So, then, why do pngs even exist, you might ask? Two reasons. First, a png can handle a transparent background. If you float a png over a colored background, it will look great. If you want to try to match an irregularly bordered jpg to a website background, it's tricky and it will probably look poor when you're done.

The second reason is clarity. Png is the crisper file type. You know when you're scrolling through Facebook and you see hazy parts of an image? That's poor jpg compression. 

I used to use png files all the time because I was overly worried about that. But if you're exporting jpgs from a good piece of software (like Photoshop or even PicMonkey) you can control the quality of your jpg. The highest quality jpg file will look great and will always be smaller than a png.

You have a need for speed, trust me. There's nothing that looks more amateurish than a website which makes its readers wait. Don't be that author. There is data to show that slow-loading websites have higher bounce rates. We don't want that.

How low can we go?

If you're worried about loading time, you can use a sneaky tool called JPGmini. It's a piece of software that, through voodoo I can't explain to you because I don't know how it works, makes the file size of a high quality jpg even smaller. Give it a try! And keep those loading times fast.

EDIT TO ADD: Now there’s a tool called Squoosh! It also makes photos smaller, and it’s free at the time of this writing. Squoosh offers even more control over quality factors than JPGmini. It’s quite amazing.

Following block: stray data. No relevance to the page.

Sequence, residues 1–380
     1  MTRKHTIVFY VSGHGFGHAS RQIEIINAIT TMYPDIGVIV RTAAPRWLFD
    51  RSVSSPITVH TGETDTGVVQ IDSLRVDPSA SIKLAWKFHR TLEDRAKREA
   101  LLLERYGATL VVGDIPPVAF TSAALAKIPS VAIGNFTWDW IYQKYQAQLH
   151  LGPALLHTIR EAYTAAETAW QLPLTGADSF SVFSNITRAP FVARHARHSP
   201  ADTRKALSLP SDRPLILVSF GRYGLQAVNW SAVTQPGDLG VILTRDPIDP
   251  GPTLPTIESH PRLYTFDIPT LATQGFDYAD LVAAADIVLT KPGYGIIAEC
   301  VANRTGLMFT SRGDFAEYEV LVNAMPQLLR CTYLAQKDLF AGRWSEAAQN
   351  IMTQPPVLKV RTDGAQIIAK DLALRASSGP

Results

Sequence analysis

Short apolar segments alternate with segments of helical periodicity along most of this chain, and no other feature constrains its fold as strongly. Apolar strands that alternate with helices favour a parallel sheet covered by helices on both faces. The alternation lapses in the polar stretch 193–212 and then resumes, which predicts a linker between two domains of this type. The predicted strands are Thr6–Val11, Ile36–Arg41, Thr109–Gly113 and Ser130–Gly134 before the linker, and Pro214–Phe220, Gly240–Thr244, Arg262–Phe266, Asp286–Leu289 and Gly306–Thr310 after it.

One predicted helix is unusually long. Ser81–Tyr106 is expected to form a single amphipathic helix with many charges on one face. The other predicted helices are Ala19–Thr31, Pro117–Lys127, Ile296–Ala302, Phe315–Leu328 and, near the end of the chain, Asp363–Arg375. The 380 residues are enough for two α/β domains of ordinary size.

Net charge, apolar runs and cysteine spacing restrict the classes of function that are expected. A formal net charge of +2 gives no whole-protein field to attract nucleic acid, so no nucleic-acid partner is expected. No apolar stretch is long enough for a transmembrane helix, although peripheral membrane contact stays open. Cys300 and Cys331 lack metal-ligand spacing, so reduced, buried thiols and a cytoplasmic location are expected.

How to Give Away a File in Exchange for an Email Signup


Hi friends! It's fairly standard practice these days to reward readers who sign up for our newsletters with bonus content. This post will cover a couple of technical details on how to do that.

Note: this tutorial assumes that you already have a signup form which begins the process of sending the reader's name to your Email Service Provider (like Mailchimp.)

Know Your Audience, Choose Your Format

If you're giving away a full length book to an audience that's technologically savvy (like, say, romance readers) you might wish to give out an epub or mobi (Kindle) file. So your first step would be to prepare those files.

If you're giving away a shorter document, a pdf should work just fine. Format your document in preparation for sharing it.

Host the File

Whether you wish to make that file available on your Squarespace website or via your email service provider (like Mailchimp or Mailerlite) you will need to host it somewhere. Why? Because email service providers (ESPs) do not like attachments